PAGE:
• BAIER: So Wednesday is we have to do it, but Thursday is maybe a trigger will work, but it will lead to a public option.

    KRAUTHAMMER: It a perfect example of the incoherence on the Democrats on all of this. And she is reflecting the president's incoherence.

    On the one hand, here we are eight months into this administration, three months into a really active, vigorous debate on health care, and two days before the president's great speech, nobody has any idea what's in it, and even he problem hi doesn't. So, on the one hand he's saying we're in a crisis and we have to act and it has to be done by last August, and then he doesn't even know as of today what it is, and he's asking immediate action on something that he doesn't even know about. That's number one.

    But secondly, underlying all this is unease about his intentions. Obama is a man who believes in the government-run system. He has said that several years ago. He has now disavowed it. Bt clearly people understand that the public option is a way to achieve ultimately a government-run system.

    BAIER: A single payer system.

    KRAUTHAMMER: A single payer system, but he can't admit it, because in America it is not going to happen. He himself has said that tactically you can't be in favor of a single-payer system.

    He also says he will never talk about rationing. But he has said it in public and he has said it in interviews and he says it in private, troubles about the hip replacement his grandmother had when she was very sick and ill and terminal. He clearly thinks about rationing. He thinks it's important, but, again, he can't say it. So in his heart of hearts, he believes in a national system and he believes in rationing, but he has to deny it, and that's why people worry about incoherence and disingenuousness.

    BAIER: Fred?

    BARNES: The White House says what they need to do is reframe the debate over health care. They're going to have better arguments for it, and so on.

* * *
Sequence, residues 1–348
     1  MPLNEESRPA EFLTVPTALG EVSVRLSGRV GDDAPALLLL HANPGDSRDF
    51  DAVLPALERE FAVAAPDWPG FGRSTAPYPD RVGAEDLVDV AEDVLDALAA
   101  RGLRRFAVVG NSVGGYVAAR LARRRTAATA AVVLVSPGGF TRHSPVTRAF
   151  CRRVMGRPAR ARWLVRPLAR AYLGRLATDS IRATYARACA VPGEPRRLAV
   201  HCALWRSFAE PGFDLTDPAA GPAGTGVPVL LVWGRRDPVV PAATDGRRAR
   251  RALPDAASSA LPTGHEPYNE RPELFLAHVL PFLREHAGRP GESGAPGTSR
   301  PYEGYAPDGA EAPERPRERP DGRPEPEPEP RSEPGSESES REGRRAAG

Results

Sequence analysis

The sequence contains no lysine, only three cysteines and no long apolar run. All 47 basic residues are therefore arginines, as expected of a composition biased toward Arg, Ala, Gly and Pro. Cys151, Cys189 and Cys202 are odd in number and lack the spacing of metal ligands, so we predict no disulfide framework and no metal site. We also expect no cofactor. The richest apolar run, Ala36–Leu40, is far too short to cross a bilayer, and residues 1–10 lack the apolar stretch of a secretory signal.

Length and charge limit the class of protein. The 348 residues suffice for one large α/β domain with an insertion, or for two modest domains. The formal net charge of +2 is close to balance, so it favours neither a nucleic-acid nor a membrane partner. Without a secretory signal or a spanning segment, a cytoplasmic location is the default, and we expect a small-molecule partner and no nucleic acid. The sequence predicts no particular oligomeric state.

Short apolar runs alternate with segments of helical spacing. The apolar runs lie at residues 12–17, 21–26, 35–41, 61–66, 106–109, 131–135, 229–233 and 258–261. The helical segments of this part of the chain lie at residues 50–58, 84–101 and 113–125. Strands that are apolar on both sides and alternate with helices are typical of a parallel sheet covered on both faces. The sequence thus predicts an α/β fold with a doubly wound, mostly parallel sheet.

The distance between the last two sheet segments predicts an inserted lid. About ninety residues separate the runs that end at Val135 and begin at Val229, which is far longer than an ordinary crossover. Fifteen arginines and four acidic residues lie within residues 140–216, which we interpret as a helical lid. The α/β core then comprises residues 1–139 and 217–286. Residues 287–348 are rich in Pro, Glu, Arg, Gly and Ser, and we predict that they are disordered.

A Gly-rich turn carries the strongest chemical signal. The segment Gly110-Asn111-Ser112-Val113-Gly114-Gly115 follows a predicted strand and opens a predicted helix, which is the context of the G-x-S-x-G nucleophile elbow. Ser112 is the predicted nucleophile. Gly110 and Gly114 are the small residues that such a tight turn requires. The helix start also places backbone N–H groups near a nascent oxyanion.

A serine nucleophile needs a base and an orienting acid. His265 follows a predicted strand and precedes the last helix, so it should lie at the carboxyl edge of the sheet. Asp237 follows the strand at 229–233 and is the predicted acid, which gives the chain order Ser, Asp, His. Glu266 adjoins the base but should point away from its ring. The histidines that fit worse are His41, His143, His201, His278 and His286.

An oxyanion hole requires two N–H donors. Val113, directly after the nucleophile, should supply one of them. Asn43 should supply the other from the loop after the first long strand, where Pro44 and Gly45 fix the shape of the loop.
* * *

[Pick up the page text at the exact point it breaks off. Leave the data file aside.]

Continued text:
But the problem is not the debate. The problem is the bill. There's enough known about the bill — I mean, there are different bills that have passed, so it's unclear. Charles is right about the real specifics. But we know in the House, the bill has passed the three House committees that there is the public option in it and there are a lot of other things that the public doesn't like and they don't trust.

    Poll after poll shows the same thing. They think it's going to cost them more, their insurance, it's — they'll wind up with worse care, it will cause taxes to go up, it will increase the deficit at the same time. So they have thought all that.

    He has got to come up with a new bill if he wants to get one passed, one completely different. And what he talked about today in Cincinnati in talking about health care sounded like — it is not even new arguments, and it's the same old bill.

    That bill is the problem. His arguments haven't been good either, but mainly because the bill is bad.

    BAIER: Should we expect something surprising Wednesday night, Mort?

    KONDRACKE: What I expect — he's got — this is the highest stake speech of his presidency, I think. This is the equivalent of the post Jeremiah Wright speech during the campaign. If he doesn't regain the initiative here and he loses health care, which is his signature issue with an overwhelmingly Democratic Congress, his presidency is headed for failure.

    It's not necessarily terminal, because after all, Bill Clinton survived this kind of thing, but it is a very bad sign for him. So it's a big speech.

    KRAUTHAMMER: The surprise on Wednesday will be if he achieves coherence.

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